PRESIDENT JEFFERSON DAVIS (CONFEDERATE STATES OF AMERICA) - EPHEMERA UNSIGNED - HFSID 250640
Jefferson Davis' Hair Seven authenticated strands of Jefferson Davis' hair mounted on an 81/2x11 page containing facsimile reproductions of an engraving of Davis and the following handwritten statement under which the original lock of hair had been affixed with a pin and framed with the letter: "Montreal.
Sale Price $2,720.00
Jefferson Davis' Hair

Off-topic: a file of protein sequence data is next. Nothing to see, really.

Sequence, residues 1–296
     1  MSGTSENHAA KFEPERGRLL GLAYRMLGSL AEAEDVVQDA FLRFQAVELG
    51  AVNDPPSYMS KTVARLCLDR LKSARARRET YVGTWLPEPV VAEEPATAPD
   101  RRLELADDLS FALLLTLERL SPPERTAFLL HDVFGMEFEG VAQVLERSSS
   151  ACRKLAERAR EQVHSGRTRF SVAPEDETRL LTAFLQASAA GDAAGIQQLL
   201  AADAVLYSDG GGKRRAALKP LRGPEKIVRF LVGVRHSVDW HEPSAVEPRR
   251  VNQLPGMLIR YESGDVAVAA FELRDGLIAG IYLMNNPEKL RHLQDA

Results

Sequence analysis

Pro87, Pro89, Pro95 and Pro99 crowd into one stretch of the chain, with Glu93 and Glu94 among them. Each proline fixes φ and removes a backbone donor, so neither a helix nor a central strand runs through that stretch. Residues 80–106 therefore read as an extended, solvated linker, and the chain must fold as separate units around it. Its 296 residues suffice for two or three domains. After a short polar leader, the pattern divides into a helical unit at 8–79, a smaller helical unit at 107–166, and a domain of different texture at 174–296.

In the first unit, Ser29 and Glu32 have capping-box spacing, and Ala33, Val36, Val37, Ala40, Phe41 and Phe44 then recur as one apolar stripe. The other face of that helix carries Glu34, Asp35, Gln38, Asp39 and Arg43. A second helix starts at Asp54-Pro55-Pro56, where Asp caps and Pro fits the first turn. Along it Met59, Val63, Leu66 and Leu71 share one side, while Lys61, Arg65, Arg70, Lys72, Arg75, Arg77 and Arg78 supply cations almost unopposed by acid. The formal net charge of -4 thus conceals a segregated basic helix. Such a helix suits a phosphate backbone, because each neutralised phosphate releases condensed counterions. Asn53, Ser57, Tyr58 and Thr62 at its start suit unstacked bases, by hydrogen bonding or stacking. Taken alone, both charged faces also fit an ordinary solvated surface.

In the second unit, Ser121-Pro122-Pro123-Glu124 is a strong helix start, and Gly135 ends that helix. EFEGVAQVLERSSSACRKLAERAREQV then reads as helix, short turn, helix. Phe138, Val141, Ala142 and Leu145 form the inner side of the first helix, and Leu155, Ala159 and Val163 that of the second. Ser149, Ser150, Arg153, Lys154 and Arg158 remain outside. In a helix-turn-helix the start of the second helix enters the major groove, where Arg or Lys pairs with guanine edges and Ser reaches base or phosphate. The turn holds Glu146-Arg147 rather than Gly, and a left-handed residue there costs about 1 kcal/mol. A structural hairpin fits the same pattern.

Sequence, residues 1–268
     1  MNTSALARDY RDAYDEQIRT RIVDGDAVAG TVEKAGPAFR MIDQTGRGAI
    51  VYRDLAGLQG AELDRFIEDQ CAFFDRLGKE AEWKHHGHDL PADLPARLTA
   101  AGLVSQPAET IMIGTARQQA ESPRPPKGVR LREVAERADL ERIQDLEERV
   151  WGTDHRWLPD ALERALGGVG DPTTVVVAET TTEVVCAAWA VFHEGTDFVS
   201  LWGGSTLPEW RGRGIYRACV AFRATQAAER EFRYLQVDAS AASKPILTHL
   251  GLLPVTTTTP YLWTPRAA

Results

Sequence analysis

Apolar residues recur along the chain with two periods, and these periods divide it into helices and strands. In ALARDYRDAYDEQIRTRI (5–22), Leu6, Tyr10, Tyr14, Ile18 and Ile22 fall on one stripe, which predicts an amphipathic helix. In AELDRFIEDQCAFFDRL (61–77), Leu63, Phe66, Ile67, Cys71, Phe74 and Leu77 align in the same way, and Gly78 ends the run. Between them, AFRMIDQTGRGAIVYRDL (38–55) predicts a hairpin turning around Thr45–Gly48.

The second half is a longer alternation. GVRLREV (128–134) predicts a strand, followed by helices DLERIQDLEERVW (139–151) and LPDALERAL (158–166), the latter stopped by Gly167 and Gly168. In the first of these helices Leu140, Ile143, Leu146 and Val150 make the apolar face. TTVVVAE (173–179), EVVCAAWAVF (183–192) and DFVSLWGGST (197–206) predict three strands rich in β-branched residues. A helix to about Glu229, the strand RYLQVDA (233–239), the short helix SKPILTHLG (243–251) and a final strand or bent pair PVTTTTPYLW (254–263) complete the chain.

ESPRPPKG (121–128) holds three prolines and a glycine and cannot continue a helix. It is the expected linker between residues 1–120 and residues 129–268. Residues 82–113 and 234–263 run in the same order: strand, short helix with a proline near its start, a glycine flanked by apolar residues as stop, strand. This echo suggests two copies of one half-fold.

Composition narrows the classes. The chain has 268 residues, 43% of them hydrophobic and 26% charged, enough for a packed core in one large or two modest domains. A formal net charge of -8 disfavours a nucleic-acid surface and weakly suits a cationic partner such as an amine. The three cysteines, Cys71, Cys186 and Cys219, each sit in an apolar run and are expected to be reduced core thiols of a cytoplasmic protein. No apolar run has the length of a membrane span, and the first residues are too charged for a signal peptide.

Seven authenticated strands of Jefferson Davis' hair mounted on an 81/2x11 page containing facsimile reproductions of an engraving of Davis and the following handwritten statement under which the original lock of hair had been affixed with a pin and framed with the letter: "Montreal. Saturday, September 21, 1867. Mrs Howell gave me this lock of hair to day in the presence of President Jefferson Davis - It was cut from his head during his confinement in Fortress Monroe-Mrs Howell is the mother in law of President Davis. Mrs Jefferson Davis was also present at the time. Thos Placide." provenance: Accompanied by a photostatic copy of a four-page letter by William C. Floyd who conducts Historical and Genealogical Research out of Edgewater, Maryland. Mr. Floyd's letter dated September 13, 1997 is addressed to Mr. Phillip B. Lamb of Phillip B. Lamb, Ltd, New Orleans. In 1997 Mr. Lamb had the original framed presentation which he sent to Mr. Floyd for examination. Mr. Floyd returned it with the above referenced letter. At some point between September of 1997 until these strands came into the possession of the Gallery of History in June of 1999, the original lock and its framed presentation were sold. The strands of the lock were dispersed. these hairs came from the world's largest collector of famous people's hair. his collection is documented in the guiness 1999 book of records. The letter of research in part: "I am returning by registered mail the framed presentation with a lock of hair from Jefferson Davis and the attached letter from the American actor, Thomas Placide. I have examined this material carefully. While I did not open the frame to inspect the lock of hair, I did view the strands carefully under high magnification and then compared them to the hair displayed in various photographs of Jefferson Davis in the National Archives. It appears obvious, that based upon physical comparison and other evidence presented later in this report, that this indeed is the hair of Davis. Upon your suggestion, I contacted the previous owner of this item and received very satisfactory answers to the pertinent questions about the provenance of this exceptional presentation. As you pointed out, this item has not been altered or tampered with by the previous owner or the person from whom he obtained it some years ago. Furthermore, I visually examined the paper to which the hair is attached and found it consistent with the paper produced in the United States in the immediate post-Civil War years. This paper has the correct fiber content and bears the age marks consistent with writing material of the late 1860's...Though I am not a specialist in external aspect, the pin appears original, as does the thread used to bind the lock of hair. The facts presented in the letter written by Placide are identical to those found in the important reference works on Davis. I was unable to locate any handwriting examples of Thomas Placide and it is unlikely that any have survived. However, my informed opinion is that the ink on this letter is from the period, appropriately aged and shows no signs of fabrication or alteration. It is simply honest, unaffected penmanship entirely consistent with the historical facts. I summarize my relevant historical research below. Jefferson Finis Davis was captured on May 10, 1865...He was released from Fortress Monroe on May 13, 1867, and proceeded to Richmond, where he was placed on bail pending trial for treason and complicity in the Lincoln assassination...The summer heat and humidity of Richmond harshly impacted Davis, already sickened and weak from his grueling confinement in Fort Monroe. Davis decided to take his family to Montreal, Canada, and shortly after his arrival, he received an invitation to visit the home of James Murray Mason in the village of Niagara, near Toronto. Mason, former Confederate ambassador to England, along with Davis' wife, Varina...Mason and Charles Helm, former CSA agent in Havana, traveled to Montreal to fetch Davis...Davis stayed in Toronto approximately two months, August until the end of September, 1867. He then returned to Montreal and stayed there until the beginning of 1868...The dates of Davis' travels in Canada exactly match the date which Placide places on the letter to which is attached the lock of hair, September 21, 1869...Thomas Placide...has been described as a boisterous performer who never achieved major roles or more than passing fame. He was most successful portraying servants and footmen, roles...Thomas Placide's theatrical experience also included managing theaters in New Orleans from 1850 to 1854...It may have been during this period that he became friends with Davis...In 1856, Placide joined Wallack's theater in New York...Placide was known to have appeared in Richmond and Washington, D.C., another point of possible contact with Davis, who served as Secretary of War under Franklin Pierce from 1853 to 1857...It is not known whether Placide served in any covert role for the Confederate government...Finally, it should be observed that samples of hair, along with photographs, jewelry, books and other personal items, were among the gifts exchanged among friends and relatives during the Civil War years as symbols of love and admiration...In summary, my thorough examination of all aspects of your presentation convince me that this lock of hair was a genuine gift from Jefferson Davis and his mother-in-law, and that the historical context of the letter penned by actor Thomas Placide is entirely original and accurate in time frame and all relevant details. It is possible that the lock of hair was cut by Davis to be sent to his wife or other relatives while in Fortress Monroe, but that failing health or mail restrictions made it impossible for him to send this special gift from his damp, dark cell in the federal fort on the coast of Virginia near Norfolk. Thus, the postwar retreat to Toronto well may have been the first special occasion that Jefferson Davis had openly to present gifts and share thoughts and emotions with family members and close friends...." Fine condition.